With the help of Sean and Daddy Dale- since I was disinclined to attempt it myself due to its infestation with garden spiders- the spot has been mowed flat. It still needs a good raking and another go over with our new rider, but there is a glimmer of hope that a pond will be dug this year. I can already envision happy ducks and geese playing in it!

Three more chicks hatched from the four eggs in the nesting box outside. Two of them came on Thursday morning. One of these was a full blooded Americauna and the other we are hopeful will be an "Easter egger" cross. (We know the father is Americauna, but the mother is either a Buff Orpington or Rhode Island Red. We won't know if it carries the "blue egg" gene until it begins to lay its eggs in 5 months. We hope it does!) They have already moved into the brooder in the house and are keeping our other 2 chicks fine company. We had another egg hatch on Friday while we were at work. We found the chick when we got home from work, but sadly, it had not survived. There is one egg left in the nest box, which will be candled this morning to check for signs of life. If it hatches and lives, our hatch rate for the broodies is 85%. If not, our hatch rate was 80%.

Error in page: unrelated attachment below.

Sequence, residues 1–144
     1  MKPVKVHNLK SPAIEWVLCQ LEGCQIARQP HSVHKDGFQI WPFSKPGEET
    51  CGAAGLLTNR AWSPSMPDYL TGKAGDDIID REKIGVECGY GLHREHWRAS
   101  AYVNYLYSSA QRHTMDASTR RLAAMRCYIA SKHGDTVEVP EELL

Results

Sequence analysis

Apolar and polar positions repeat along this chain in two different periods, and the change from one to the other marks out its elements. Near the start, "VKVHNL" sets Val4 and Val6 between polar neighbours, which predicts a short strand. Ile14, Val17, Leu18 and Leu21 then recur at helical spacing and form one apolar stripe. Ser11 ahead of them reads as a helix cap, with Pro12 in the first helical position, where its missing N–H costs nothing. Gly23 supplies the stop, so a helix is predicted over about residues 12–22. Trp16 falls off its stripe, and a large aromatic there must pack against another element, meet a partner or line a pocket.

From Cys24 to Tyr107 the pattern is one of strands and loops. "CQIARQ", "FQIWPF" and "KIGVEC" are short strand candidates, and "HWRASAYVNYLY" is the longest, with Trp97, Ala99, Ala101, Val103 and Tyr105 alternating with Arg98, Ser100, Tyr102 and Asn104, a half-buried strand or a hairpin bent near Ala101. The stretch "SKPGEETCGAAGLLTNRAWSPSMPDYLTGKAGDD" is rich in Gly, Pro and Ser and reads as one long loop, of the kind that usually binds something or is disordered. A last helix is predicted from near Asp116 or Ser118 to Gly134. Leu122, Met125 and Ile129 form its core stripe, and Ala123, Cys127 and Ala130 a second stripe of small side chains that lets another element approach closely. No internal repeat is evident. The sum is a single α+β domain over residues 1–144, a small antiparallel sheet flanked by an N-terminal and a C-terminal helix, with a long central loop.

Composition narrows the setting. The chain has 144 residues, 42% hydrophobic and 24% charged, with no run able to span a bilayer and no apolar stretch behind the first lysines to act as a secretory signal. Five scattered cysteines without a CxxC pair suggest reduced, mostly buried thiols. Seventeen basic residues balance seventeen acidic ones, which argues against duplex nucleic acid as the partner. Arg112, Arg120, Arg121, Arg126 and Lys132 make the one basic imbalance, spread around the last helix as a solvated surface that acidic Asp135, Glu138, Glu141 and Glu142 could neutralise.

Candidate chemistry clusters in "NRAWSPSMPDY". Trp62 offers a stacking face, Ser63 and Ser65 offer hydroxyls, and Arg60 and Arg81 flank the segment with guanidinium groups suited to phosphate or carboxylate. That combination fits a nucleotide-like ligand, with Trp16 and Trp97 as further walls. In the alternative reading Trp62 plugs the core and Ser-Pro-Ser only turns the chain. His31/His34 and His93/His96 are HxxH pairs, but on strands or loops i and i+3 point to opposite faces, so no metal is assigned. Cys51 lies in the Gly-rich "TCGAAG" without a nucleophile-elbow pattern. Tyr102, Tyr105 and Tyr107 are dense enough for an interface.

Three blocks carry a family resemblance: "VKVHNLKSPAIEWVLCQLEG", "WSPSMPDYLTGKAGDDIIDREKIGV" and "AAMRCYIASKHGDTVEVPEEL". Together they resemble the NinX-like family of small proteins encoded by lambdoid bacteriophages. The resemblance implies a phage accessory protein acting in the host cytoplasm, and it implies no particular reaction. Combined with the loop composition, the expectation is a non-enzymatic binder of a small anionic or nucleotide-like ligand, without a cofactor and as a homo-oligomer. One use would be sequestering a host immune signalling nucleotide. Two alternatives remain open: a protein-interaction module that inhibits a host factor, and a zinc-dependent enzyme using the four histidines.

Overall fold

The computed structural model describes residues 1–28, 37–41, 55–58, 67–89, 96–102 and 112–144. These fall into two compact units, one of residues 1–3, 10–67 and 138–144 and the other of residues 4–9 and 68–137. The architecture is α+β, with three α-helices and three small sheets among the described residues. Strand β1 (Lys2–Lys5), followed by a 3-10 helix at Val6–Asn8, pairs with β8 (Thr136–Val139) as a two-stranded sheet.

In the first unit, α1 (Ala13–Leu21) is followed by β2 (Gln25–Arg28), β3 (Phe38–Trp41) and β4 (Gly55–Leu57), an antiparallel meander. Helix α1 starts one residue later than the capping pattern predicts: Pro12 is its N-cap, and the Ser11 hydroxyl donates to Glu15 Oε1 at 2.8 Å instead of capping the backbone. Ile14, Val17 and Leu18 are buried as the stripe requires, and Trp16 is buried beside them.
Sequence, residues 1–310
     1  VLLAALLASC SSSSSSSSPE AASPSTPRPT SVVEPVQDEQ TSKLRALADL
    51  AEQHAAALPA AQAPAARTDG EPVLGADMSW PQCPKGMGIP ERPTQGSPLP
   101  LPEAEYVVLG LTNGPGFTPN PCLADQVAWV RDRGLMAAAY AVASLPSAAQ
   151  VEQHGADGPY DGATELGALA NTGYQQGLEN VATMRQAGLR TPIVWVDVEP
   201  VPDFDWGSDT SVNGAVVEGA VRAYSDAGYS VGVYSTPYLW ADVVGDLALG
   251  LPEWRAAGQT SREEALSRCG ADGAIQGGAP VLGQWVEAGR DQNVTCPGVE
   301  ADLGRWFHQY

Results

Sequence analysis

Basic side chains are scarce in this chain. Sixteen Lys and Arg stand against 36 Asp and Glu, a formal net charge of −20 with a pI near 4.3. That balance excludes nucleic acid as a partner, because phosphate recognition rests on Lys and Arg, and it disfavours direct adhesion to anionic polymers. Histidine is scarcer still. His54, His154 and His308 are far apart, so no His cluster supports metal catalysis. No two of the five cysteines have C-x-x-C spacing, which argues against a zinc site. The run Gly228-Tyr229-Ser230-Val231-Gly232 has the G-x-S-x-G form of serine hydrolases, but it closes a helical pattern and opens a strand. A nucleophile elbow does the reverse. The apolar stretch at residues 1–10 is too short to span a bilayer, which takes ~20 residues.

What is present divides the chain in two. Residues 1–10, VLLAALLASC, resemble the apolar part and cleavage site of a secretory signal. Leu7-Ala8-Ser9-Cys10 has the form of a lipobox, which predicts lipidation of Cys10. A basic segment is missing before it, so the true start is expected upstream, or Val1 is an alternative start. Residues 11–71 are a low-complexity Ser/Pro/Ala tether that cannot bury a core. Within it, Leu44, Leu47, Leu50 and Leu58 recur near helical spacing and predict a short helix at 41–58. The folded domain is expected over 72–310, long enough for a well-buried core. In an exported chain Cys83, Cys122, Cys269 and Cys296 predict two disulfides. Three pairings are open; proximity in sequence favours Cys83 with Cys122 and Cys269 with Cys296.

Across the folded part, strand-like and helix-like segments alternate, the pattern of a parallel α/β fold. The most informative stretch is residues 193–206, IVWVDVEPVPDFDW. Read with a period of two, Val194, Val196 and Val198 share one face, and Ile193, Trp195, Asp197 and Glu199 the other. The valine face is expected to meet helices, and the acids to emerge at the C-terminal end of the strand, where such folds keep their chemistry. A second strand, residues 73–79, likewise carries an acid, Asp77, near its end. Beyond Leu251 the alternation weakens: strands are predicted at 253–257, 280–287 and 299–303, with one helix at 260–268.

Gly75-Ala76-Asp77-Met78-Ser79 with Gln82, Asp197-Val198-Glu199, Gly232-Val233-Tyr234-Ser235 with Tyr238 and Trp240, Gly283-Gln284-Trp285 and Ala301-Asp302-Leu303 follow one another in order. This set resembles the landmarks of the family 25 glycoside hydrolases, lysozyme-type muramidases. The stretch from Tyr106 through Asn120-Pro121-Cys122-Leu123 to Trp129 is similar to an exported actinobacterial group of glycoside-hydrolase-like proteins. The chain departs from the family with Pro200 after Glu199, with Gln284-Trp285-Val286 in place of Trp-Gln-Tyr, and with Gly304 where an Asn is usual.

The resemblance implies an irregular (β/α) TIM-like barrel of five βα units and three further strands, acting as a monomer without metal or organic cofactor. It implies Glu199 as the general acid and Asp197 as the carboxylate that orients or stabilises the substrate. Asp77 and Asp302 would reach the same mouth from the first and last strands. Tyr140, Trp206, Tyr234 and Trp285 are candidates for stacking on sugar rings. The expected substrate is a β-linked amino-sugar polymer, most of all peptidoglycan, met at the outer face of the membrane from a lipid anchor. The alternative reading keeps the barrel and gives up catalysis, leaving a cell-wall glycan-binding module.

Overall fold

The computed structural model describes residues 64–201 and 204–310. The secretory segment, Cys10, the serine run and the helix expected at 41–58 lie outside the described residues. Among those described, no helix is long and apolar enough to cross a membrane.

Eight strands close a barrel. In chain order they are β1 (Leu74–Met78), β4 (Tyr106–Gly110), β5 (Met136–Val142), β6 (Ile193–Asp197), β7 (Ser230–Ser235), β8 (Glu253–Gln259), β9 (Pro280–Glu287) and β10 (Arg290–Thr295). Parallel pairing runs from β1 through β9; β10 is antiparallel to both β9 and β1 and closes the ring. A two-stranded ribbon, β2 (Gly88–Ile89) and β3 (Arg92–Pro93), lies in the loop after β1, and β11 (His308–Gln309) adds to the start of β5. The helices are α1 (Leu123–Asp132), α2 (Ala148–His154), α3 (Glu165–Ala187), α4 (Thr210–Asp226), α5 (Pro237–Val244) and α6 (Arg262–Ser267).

I finally finished carving all the soap into bar shape and created pretty packaging for them (I like them, anyway. You'll have to tell me if you agree). And, I made another 2 quarts and another pint of home made liquid goat's milk hand soap from the left over shavings. I purchased some white boxes to help protect the bar version of my soap during shipping. For those of you who have requested samples, they were put into the mail this morning. I would really appreciate it if, when you get your sample, you would comment to let me know that it arrived. Also, you may have noticed a survey on the bar to the left of our page. Please, take a minute to leave me some feedback about the sample you received. I am really excited to hear your thoughts! Thanks!! ♥